RNA polymerase II CTD interactome with 3′ processing and termination factors in fission yeast and its impact on phosphate homeostasis Academic Article uri icon

Overview

MeSH Major

  • Manganese
  • Phosphoric Diester Hydrolases
  • RNA Nucleotidyltransferases
  • Saccharomyces cerevisiae
  • Saccharomyces cerevisiae Proteins

abstract

  • © 2018 BioMed Central Ltd..All right reserved. The carboxy-terminal domain (CTD) code encrypted within the Y1S2P3T4S5P6S7 heptad repeats of RNA polymerase II (Pol2) is deeply rooted in eukaryal biology. Key steps to deciphering the code are identifying the events in gene expression that are governed by individual "letters" and then defining a vocabulary of multiletter "words" and their meaning. Thr4 and Ser7 exert opposite effects on the fission yeast pho1 gene, expression of which is repressed under phosphate-replete conditions by transcription of an upstream flanking long noncoding RNA (lncRNA). Here we attribute the derepression of pho1 by a CTD-S7A mutation to precocious termination of lncRNA synthesis, an effect that is erased by mutations of cleavage-polyadenylation factor (CPF) subunits Ctf1, Ssu72, Ppn1, Swd22, and Dis2 and termination factor Rhn1. By contrast, a CTD-T4A mutation hyperrepresses pho1, as do CPF subunit and Rhn1 mutations, implying that T4A reduces lncRNA termination. Moreover, CTD-T4A is synthetically lethal with ppn1Δ and swd22Δ, signifying that Thr4 and the Ppn1·Swd22 module play important, functionally redundant roles in promoting Pol2 termination. We find that Ppn1 and Swd22 become essential for viability when the CTD array is curtailed and that S7A overcomes the need for Ppn1·Swd22 in the short CTD context. Mutational synergies highlight redundant essential functions of (i) Ppn1·Swd22 and Rhn1, (ii) Ppn1·Swd22 and Ctf1, and (iii) Ssu72 and Dis2 phosphatases. CTD alleles Y1F, S2A, and T4A have overlapping synthetic lethalities with ppn1Δ and swd22Δ, suggesting that Tyr1-Ser2-Thr4 form a three-letter CTD word that abets termination, with Rhn1 being a likely "reader" of this word.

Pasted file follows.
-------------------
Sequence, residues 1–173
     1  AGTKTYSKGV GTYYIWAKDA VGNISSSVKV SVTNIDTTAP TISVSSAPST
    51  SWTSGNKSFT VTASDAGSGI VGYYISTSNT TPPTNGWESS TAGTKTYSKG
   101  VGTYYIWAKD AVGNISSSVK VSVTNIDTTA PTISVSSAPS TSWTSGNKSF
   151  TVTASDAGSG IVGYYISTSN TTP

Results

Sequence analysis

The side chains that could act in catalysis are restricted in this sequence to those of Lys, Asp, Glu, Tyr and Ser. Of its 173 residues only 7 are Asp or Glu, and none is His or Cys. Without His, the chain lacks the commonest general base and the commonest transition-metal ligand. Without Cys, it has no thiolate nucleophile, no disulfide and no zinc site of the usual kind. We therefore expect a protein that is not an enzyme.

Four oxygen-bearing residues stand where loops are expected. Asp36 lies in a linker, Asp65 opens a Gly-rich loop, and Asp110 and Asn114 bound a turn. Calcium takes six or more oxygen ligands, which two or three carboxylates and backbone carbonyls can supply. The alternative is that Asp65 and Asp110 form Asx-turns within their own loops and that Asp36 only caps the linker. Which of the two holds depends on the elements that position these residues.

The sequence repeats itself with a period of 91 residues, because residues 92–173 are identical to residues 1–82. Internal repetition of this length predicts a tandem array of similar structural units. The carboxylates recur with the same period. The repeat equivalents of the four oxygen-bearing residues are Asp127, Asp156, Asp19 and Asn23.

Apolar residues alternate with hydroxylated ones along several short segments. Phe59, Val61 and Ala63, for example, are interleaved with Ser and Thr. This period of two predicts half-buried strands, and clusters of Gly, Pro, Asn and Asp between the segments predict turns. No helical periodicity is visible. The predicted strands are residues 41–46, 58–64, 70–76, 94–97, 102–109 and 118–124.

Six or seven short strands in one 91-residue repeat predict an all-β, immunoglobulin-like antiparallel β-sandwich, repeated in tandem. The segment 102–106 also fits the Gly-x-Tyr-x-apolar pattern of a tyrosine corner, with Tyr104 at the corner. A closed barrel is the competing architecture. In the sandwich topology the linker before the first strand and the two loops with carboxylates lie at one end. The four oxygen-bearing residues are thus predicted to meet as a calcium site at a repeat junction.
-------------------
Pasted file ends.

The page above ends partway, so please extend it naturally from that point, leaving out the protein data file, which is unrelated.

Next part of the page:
publication date

  • November 6, 2018

Research

keywords

  • Academic Article

Identity

Language

  • eng

PubMed Central ID

  • PMC6233144

Digital Object Identifier (DOI)

  • 10.1073/pnas.1810711115

PubMed ID

  • 30355770

Additional Document Info

start page

  • E10652

end page

  • E10661

volume

  • 115

number

  • 45